Step #8: Alignment

Here, the enterprise-level scorecard is ‘cascaded’ down into support and business unit scorecards. This means that the organizational level scorecard (the first Tier) is converted into support unit or business unit scorecards (the second Tier) and then later to individual and team scorecards (the third Tier). Cascading converts high-level tactics into lower-level aims, operational details, and measures. Cascading is the road to organizational alignment surrounding strategy. Individual and team scorecards connect day-to-day work with corporate vision and department aims. Performance measures are created for all aims at organizational levels. With the scorecard management system cascading down across the organization, aims become more tactical and organizational, as do the performance measures. Responsibility follows the measures and objectives, as ownership is delineated at each level. A stress on strategies required to produce outcomes is communicated all through the organization.

Step #9: Evaluation

Here, an assessment of the completed scorecard is carried out. In the course of this assessment, the organization endeavors to answer queries such as: ‘Are we measuring the right things?’ ‘Are we strategically budgeting our money?’ ‘Are our strategies working?’ and ‘Did our environment change?’

COMMON MEASUREMENTS

Financial measurements are still essential and include things such as return on investment, sales, liquidity measures and profits. Measures that result in financial outcomes include efficiency measures (such as scrap, responsiveness and cycle time), customer satisfaction measures (such as new customers, complaints, survey results and referrals), quality measures (such as returns, accuracy, rework and warrantee costs), growth/innovation measures (such as sales from new products, R&D expenditure and employee suggestions), and employee skills and satisfaction measures (such as certification, absenteeism, survey results, cross training, turnover and training hours). The balanced scorecard can be customized to suit the requirements of any organization.

SOME PITFALLS TO AVOID

Poorly-defined strategy

Whether a scorecard project succeeds or not depends on whether or not your organization has worked through it well and properly delineated its strategy. Generally, a poorly-defined strategy creates a confusing and empty scorecard. You should either have introduced a strategy developing element at the beginning of the Balanced Scorecard project or toiled through the strategy process in the right manner. Failure to delineate and articulate a lucid strategy would result in a confused and ambiguous scorecard – and prominently one that is deficit in the thread of strategic constancy as the scorecard process is introduced across all functions and areas in the organization.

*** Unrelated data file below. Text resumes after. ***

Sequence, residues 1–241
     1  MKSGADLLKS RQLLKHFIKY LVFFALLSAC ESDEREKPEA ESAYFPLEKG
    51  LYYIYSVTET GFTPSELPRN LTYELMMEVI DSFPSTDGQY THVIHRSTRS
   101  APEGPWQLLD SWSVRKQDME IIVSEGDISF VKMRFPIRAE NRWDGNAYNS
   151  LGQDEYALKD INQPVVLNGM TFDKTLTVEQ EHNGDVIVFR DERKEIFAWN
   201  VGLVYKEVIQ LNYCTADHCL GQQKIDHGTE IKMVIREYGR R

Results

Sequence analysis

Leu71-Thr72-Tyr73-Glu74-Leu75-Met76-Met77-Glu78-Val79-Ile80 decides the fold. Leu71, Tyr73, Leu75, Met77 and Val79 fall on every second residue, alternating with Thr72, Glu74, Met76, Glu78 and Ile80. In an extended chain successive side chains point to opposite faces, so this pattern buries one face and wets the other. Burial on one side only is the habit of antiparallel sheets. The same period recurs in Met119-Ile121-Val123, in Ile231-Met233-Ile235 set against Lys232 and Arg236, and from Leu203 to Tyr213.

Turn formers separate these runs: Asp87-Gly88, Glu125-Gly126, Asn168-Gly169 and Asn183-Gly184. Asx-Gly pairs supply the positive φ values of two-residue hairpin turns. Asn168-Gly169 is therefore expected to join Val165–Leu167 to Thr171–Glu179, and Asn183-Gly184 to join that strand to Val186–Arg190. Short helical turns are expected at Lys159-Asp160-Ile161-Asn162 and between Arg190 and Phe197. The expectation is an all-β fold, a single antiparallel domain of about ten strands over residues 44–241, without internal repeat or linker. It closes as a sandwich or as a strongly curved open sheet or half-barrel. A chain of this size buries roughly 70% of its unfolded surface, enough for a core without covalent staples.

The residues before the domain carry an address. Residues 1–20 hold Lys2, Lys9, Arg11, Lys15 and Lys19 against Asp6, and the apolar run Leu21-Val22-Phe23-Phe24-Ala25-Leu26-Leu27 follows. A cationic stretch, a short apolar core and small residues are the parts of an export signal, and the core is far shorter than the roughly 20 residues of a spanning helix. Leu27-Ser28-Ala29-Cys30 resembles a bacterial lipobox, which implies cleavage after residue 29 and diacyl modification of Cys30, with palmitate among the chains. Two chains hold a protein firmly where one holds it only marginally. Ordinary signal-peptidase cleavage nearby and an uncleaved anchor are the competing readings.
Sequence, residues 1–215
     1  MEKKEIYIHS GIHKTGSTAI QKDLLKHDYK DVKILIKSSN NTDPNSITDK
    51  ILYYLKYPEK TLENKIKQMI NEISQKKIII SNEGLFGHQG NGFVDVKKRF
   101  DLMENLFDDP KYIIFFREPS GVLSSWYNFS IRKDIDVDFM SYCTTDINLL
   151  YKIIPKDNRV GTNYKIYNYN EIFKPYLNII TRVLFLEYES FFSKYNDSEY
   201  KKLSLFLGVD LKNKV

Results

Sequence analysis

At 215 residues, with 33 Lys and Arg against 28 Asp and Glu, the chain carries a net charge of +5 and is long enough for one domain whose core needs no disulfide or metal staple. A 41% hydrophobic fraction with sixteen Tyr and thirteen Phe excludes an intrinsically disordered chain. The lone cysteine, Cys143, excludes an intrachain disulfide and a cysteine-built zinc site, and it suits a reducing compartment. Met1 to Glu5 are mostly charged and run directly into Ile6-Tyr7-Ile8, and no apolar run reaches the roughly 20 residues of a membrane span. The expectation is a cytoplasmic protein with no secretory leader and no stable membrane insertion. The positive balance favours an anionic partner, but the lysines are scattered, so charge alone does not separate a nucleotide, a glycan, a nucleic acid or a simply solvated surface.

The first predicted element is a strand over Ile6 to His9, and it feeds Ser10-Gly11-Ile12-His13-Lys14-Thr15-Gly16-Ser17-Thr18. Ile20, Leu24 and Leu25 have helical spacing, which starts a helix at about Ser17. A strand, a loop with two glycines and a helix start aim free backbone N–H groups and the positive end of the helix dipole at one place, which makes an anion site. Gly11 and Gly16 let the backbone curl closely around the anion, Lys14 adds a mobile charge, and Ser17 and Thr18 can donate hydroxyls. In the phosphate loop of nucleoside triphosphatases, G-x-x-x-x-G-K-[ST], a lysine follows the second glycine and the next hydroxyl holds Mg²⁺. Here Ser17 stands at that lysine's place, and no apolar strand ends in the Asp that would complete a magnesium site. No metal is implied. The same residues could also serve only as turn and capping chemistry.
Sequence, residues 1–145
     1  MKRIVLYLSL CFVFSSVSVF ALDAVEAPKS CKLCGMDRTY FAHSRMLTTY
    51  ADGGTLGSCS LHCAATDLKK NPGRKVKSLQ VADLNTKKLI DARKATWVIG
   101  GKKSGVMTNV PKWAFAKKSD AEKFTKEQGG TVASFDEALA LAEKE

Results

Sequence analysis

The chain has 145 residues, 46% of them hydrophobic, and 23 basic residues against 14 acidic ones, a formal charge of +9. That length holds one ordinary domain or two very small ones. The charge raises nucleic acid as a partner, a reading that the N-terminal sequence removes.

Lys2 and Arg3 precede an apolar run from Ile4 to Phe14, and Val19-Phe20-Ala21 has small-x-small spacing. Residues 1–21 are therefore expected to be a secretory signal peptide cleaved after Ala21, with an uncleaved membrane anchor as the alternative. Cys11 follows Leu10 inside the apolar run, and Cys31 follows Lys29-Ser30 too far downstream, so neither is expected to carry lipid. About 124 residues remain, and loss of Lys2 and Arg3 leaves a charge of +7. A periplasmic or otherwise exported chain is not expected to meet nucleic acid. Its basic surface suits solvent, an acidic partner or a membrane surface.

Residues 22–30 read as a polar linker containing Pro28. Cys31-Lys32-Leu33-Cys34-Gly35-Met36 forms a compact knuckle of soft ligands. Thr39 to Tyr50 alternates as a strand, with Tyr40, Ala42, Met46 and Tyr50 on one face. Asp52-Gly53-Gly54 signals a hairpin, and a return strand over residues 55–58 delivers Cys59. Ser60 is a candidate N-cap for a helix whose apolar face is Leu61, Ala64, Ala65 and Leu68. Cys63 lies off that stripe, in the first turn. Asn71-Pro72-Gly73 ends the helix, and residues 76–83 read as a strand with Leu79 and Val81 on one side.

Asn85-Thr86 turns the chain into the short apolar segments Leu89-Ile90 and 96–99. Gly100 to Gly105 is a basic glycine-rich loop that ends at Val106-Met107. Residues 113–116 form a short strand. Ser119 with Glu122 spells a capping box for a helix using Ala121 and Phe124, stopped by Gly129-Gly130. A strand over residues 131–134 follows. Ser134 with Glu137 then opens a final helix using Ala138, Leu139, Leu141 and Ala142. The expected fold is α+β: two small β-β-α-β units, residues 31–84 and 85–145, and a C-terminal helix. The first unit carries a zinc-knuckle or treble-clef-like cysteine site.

There may be some high-level strategies that are too vague to convert well into a BSC. Experts advise translation in terms of customer value and aspirational brand positioning, markets and customer segments, and financial targets, all in the perspective of where the organization wishes to be in the next five to ten years.

Ineffective data collection, reporting

A key reason why companies put too much stress on fiscal metrics at the expense of other key operating variables is the plain and simple fact that systems already exist for gathering and reporting economic measures. Companies that intentionally tend to delineate the important few metrics and dedicate the resources to automate data collection and the reporting that follows are inclined to get good outcomes. Unfortunately, in the majority of organizations, if gathering metrics / data takes too much energy and time, they will not be gathered. Hence, it is essential to prioritize key performance indicators to be certain that your investment in metrics is expended on the information that would be most pertinent to enhancing organizational performance.

Utilization of only lagging measures

A lot of managers are of the opinion that they would get the advantages of the Balanced Scorecard by utilizing a wide variety of non-fiscal measures. However, you should be careful to recognize not only lagging measures that delineate past performance, but also leading measures that may be utilized to prepare for future performance.

Excluding stakeholders

An example for this is not executing the concept solely in one or two Head Offices. To work, it is necessary to develop a hierarchy of scorecards, mirroring the structure of your organization and how it lends value to the customer. Bear in mind that more than a decade has gone before the scorecard concept was first created. Offshoring and outsourcing are now usual occurrences – make certain that these value generating operations are also incorporated.

Utilizing only generic metrics

It typically is not adequate to only adopt the metrics utilized by other successful businesses. Each company should take the effort to recognize the measures that are suitable for its own plan and competitive position.